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What Is Vitamin A?

Does vitamin A do anything to help eyes and vision? Can a deficiency cause blindness? Is it dangerous to consume too much of it?

Read on for answers to these questions and other useful facts about this important antioxidant vitamin, including information about eye benefits of vitamin A and beta-carotene, top vitamin A foods, and possible benefits of vitamin A eye drops.

This vitamin actually is a group of antioxidant compounds that play an important role in vision, bone growth and health of the immune system. Also helps the surface of the eye, mucous membranes and skin be effective barriers to bacteria and viruses, reducing the risk of eye infections, respiratory problems and other infectious diseases.

In general, there are two types of vitamin A, depending on the type of food source it comes from:


Sweet potatoes and carrots are excellent sources of provitamin A carotenoids that are good for your eyes.

  1. From animal-derived foods is called retinol. This “pre-formed” vitamin A can be used directly by the body. Good food sources of retinol vitamin A include beef and chicken liver, whole milk and cheese.
  2. Obtained from colorful fruits and vegetables is in the form of “provitamin A” carotenoids, which are converted to retinol by the body after the food is ingested. Good food sources of provitamin A carotenoids include carrots, sweet potatoes, spinach, kale and cantaloupes.

Beta-carotene is one of the most prevalent and effective provitamin A carotenoids Of Vitamin A And Beta-Carotene

Because vitamin A helps protect the surface of the eye (cornea), it is essential for good vision.

Studies show vitamin A eye drops are effective for the treatment of dry eyes. In fact, one study found that over-the-counter lubricating eye drops containing vitamin A were as effective for the treatment of dry eye syndrome as more expensive prescription eye drops formulated for dry eye relief.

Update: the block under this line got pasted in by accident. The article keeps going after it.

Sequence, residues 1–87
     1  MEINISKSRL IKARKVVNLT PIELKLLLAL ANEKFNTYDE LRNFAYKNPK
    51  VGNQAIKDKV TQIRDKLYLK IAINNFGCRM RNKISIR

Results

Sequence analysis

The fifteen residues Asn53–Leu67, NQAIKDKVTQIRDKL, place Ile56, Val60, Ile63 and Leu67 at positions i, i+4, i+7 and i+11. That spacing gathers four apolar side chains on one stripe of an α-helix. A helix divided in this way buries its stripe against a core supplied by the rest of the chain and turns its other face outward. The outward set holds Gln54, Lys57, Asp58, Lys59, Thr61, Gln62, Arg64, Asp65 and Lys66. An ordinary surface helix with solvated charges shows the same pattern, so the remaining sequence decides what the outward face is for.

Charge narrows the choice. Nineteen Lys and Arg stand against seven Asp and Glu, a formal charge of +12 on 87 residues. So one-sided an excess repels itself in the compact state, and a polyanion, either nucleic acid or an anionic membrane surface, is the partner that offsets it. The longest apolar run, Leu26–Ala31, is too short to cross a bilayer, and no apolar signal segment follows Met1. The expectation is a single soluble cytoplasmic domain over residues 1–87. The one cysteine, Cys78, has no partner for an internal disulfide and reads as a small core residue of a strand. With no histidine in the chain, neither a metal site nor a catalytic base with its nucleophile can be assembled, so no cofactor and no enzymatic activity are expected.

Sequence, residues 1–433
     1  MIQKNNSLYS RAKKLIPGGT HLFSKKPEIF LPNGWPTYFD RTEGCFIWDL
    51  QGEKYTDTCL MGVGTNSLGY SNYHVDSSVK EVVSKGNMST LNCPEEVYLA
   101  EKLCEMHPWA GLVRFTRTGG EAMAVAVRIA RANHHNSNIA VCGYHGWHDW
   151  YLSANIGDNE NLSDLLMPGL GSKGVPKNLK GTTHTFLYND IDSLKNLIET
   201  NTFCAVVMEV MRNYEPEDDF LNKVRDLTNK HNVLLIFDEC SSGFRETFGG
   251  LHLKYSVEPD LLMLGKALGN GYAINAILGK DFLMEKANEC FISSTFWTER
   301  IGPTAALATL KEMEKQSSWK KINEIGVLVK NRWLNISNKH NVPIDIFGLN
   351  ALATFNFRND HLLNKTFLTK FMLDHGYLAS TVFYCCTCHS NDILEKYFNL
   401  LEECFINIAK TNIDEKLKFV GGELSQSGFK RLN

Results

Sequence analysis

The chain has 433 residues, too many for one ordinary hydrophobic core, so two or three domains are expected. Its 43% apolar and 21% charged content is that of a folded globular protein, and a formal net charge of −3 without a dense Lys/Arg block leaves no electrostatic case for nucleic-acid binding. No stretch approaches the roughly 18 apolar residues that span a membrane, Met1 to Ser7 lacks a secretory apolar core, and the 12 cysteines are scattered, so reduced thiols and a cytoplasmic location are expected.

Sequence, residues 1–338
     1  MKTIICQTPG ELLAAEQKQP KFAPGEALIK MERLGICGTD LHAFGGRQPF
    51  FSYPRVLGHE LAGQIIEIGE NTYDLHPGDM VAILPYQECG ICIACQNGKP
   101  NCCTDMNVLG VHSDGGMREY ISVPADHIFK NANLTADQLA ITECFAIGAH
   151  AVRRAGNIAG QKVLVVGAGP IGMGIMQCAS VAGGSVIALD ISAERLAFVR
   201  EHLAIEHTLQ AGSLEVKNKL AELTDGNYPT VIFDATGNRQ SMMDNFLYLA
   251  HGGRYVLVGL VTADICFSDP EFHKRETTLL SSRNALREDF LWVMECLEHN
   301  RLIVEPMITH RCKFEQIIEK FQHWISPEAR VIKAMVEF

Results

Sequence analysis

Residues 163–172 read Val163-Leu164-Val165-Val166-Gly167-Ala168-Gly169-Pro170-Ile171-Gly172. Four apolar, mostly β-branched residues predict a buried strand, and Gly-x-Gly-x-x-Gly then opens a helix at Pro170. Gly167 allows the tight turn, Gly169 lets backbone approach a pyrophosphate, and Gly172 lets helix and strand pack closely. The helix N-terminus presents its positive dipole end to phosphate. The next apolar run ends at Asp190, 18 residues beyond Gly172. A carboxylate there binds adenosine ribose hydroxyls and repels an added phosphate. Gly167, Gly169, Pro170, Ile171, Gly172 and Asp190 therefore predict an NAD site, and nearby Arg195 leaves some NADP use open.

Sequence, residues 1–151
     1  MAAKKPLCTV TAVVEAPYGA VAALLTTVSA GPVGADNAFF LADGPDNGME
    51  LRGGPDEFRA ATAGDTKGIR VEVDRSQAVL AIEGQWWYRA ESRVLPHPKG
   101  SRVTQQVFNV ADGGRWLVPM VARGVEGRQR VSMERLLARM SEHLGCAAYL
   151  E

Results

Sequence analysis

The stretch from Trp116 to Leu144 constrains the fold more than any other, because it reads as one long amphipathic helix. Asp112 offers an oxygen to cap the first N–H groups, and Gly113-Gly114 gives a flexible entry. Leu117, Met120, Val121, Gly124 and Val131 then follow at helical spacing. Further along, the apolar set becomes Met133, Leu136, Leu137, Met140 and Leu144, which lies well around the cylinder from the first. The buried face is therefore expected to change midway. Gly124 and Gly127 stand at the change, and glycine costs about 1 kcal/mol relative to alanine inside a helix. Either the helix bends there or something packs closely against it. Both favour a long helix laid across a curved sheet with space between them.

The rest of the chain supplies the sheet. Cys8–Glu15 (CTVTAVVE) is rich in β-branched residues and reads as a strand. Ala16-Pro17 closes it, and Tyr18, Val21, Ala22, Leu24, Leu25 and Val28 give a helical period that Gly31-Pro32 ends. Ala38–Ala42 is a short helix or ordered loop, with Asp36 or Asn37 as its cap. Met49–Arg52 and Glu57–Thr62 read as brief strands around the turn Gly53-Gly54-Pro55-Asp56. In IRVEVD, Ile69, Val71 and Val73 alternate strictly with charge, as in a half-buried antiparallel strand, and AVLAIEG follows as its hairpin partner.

Vitamin A eye drops also have been shown effective for the treatment of a specific type of eye inflammation called superior limbic keratoconjunctivitis.

When in combination with other antioxidant vitamins, it appears to play a role in decreasing the risk of vision loss from macular degeneration (AMD). In the landmark Age-Related Eye Disease Study (AREDS) sponsored by the National Eye Institute, people with mild or moderate AMD who took a daily multivitamin that included vitamin A (as beta-carotene), vitamin C, vitamin E, zinc and copper had a 25 percent reduced risk of advanced AMD during a six-year period.

It also appears that a combination of vitamin A and lutein may prolong vision in people suffering from retinitis pigmentosa (RP). A four-year study conducted by researchers from Harvard Medical School and other prominent universities found that individuals with retinitis pigmentosa who took daily supplements of the vitamin (15,000 IU) and lutein (12 mg) had a slower loss of peripheral vision than those who did not take the combined supplements.

Because beta-carotene is converted into vitamin A in the body, it’s likely this provitamin A offers similar eye benefits as the pre-formed retinol type of the vitamin, though more research is needed to confirm this.

And researchers at Columbia University Medical Center found that a synthetic, altered form of vitamin A might be able to slow the progression of Stargardt’s disease, an inherited eye disease that causes severe vision loss in young people.

When given to mice with the same genetic defect as humans with Stargardt’s disease (also called juvenile macular degeneration), the modified vitamin inhibited the growth of clump-like deposits in the retina called “vitamin A dimers” that are associated with degenerative changes and vision loss.